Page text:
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This petition for certiorari under Rule 65 of the Rules of Court seeks to nullify and set aside the Resolution[1] of respondent National Labor Relations Commission (NLRC) rendered on 20 September 1994 remanding the records of the case to the arbitration branch of origin for further proceedings. The antecedent facts as narrated by public respondent in the assailed resolution are as follows: “The complaint was instituted by Eddie Domasig against respondents Cata Garments Corporation, a company engaged in garments business and its owner/manager Otto Ong and Catalina Co for illegal dismissal, unpaid commission and other monetary claim[s]. Complainant alleged that he started working with the respondent on July 6, 1986 as Salesman when the company was still named Cato Garments Corporation; that three (3) years ago, because of a complaint against respondent by its workers, it changed its name to Cata Garments Corporation; and that on August 29, 1992, he was dismissed when respondent learned that he was being pirated by a rival corporation which offer he refused. Prior to his dismissal, complainant alleged that he was receiving a salary of P1,500.00 a month plus commission. On September 3, 1992 he filed the instant complaint.

Respondent denied complainant’s claim that he is a regular employee contending that he is a mere commission agent who receives a commission of P5.00 per piece of article sold at regular price and P2.50 per piece sold in [sic] bargain price; that in addition to commission, complainant received a fixed allowance of P1,500.00 a month; that he had no regular time schedule; and that the company come [sic] into existence only on September 17, 1991. In support of its claim that complainant is a commission agent, respondent submitted as Annexes ‘B’ and ‘B-1’ the List of Sales Collections, Computation of Commission due, expenses incurred, cash advances received for the month of January and March 1992 (Rollo pp. 22-27). Respondent further contends that complainant failed to turn over to the respondent his collection from two (2) buyers as per affidavit executed by these buyers (Rollo pp. 28-29) and for which, according to respondent it initiated criminal proceedings against the complainant.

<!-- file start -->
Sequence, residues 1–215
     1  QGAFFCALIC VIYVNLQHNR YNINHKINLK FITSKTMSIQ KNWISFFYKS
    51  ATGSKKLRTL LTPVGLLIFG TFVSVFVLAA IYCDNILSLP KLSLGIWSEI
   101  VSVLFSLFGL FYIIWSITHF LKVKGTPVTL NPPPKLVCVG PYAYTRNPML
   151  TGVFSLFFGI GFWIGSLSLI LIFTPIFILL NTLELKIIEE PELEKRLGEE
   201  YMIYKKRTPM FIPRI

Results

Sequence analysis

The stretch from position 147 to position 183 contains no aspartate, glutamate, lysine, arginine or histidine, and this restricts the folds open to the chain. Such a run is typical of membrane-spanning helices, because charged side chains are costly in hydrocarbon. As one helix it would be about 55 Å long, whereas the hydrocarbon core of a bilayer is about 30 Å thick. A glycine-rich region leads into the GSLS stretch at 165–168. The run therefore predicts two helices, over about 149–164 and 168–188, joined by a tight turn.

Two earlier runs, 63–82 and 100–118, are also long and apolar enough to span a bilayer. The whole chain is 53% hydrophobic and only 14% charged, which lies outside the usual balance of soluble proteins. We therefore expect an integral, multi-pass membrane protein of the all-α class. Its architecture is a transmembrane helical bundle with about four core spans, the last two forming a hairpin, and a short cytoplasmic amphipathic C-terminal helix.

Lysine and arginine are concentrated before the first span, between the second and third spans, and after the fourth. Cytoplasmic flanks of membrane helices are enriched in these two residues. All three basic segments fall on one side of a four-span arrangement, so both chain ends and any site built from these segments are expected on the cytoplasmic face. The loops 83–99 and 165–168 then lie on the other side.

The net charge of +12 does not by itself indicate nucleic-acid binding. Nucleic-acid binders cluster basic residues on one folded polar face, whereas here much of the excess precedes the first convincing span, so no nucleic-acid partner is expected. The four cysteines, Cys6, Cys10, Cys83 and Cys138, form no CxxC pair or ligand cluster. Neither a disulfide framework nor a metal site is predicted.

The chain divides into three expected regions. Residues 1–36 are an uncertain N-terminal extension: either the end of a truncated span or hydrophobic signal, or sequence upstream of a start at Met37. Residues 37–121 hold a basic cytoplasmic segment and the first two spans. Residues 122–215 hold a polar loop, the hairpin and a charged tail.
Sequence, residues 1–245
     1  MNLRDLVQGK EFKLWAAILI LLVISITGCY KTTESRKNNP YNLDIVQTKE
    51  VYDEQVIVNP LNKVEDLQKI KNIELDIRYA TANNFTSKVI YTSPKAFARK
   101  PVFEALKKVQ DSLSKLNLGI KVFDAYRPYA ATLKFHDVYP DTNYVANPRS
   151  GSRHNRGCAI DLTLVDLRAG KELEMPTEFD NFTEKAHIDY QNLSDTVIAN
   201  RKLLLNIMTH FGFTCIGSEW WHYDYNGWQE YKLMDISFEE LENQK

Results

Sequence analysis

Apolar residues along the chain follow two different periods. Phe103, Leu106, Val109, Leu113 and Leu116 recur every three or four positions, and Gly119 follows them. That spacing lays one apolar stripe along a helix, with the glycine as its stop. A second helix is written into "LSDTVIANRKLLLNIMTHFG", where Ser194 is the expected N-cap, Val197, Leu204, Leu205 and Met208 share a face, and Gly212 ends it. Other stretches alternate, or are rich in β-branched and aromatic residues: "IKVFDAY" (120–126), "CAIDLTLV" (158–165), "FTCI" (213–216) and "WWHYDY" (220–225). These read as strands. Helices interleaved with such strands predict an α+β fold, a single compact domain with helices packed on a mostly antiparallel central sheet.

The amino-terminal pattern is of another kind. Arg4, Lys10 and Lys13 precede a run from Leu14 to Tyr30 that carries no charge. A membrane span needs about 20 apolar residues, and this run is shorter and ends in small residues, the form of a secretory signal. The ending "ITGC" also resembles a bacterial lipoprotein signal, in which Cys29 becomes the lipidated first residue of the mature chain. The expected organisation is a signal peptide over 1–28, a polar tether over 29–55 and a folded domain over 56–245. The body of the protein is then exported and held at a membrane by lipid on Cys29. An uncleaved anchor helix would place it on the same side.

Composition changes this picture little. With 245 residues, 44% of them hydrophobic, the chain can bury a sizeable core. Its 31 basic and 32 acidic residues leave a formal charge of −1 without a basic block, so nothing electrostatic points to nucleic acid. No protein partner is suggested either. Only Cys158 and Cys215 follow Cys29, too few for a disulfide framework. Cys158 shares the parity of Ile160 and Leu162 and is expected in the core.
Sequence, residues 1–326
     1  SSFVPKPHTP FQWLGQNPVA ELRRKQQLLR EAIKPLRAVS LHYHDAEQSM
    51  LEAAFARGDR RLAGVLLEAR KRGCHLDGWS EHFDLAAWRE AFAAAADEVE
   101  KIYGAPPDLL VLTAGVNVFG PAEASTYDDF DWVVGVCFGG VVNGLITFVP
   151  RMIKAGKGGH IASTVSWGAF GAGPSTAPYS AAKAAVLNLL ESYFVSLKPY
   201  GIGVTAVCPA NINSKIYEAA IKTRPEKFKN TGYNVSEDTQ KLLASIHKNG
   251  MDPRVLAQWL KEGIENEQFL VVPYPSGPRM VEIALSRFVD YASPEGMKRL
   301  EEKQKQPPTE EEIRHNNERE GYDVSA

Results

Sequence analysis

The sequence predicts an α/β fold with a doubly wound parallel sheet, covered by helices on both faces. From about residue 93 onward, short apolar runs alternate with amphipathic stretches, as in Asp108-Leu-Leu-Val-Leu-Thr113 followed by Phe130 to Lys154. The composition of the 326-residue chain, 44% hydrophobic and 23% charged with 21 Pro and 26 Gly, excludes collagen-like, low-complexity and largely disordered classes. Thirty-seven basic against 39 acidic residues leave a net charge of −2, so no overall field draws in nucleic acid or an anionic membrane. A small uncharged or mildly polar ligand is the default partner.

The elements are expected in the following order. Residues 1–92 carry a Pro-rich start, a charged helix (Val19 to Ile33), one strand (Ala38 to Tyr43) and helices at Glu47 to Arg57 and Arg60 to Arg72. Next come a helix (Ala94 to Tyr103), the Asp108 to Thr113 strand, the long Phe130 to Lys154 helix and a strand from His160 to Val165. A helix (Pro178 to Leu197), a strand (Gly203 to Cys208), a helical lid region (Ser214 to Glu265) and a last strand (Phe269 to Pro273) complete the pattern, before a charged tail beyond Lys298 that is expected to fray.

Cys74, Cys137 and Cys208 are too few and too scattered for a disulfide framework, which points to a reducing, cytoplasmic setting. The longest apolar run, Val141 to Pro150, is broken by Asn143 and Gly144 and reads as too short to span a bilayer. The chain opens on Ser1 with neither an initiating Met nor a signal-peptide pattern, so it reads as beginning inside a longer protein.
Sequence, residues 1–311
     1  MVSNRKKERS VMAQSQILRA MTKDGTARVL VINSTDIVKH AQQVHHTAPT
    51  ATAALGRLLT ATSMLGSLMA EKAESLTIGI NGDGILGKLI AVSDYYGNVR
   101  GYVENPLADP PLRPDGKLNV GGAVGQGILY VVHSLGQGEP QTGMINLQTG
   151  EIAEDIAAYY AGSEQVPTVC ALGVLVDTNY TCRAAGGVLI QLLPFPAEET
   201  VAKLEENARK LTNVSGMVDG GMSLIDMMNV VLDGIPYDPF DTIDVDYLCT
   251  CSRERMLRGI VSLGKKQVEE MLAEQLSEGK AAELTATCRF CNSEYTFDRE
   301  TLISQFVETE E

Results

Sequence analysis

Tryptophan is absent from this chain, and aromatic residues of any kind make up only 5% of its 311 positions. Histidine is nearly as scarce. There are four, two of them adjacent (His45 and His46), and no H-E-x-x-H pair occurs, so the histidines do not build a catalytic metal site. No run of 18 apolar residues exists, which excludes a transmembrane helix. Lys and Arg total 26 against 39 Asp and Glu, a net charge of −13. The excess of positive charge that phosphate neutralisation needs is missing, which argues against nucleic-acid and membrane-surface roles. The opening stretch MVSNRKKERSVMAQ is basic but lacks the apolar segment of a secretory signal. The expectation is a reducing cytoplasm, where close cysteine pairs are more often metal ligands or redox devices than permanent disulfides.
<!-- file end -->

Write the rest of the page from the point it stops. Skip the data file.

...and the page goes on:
The Labor Arbiter held that complainant was illegally dismissed and entitled to reinstatement and backwages as well as underpayment of salary; 13th month pay; service incentive leave and legal holiday. The Arbiter also awarded complainant his claim for unpaid commission in the amount of P143,955.00.”[2] Private respondents appealed the decision of the labor arbiter to public respondent. As aforesaid, the NLRC resolved to remand the case to the labor arbiter for further proceeding. It declared as follows: “We find the decision of the Labor Arbiter not supported by evidence on record. The issue of whether or not complainant was a commission agent was not fully resolved in the assailed decision. It appears that the Labor Arbiter failed to appreciate the evidences submitted by respondent as Annexes “B” and “B-1” (Rollo pp. 22-27) in support of its allegation as regard[s] the nature of complainant’s employment.

Neither is there a showing that the parties were required to adduce further evidence to support their respective claim. The resolution of the nature of complainant’s employment is vital to the case at bar considering that it would be determinative to his entitlement of monetary benefits. The same is similarly true as regard the claim [sic] for unpaid commission. The amount being claim [sic] for unpaid commission as big as it is requires substantial proof to establish the entitlement of the complainant to the same. We take note of the respondent’s claim that ‘while they admit that complainant has an unpaid commission due him, the same is only for his additional sale of 4,027 pieces at regular price and 1,047 pieces at bargain price for a total sum of (P20,135.00 + 2,655.00) or P22,820.00 as appearing in the list of Sales and unpaid commission’ (Annex ‘C’ and ‘C-1′ Appeal, Rollo pp. 100-102). Said amount according to respondent is being withheld by them pending the accounting of money collected by complainant from his two (2) buyers which was not remitted to them.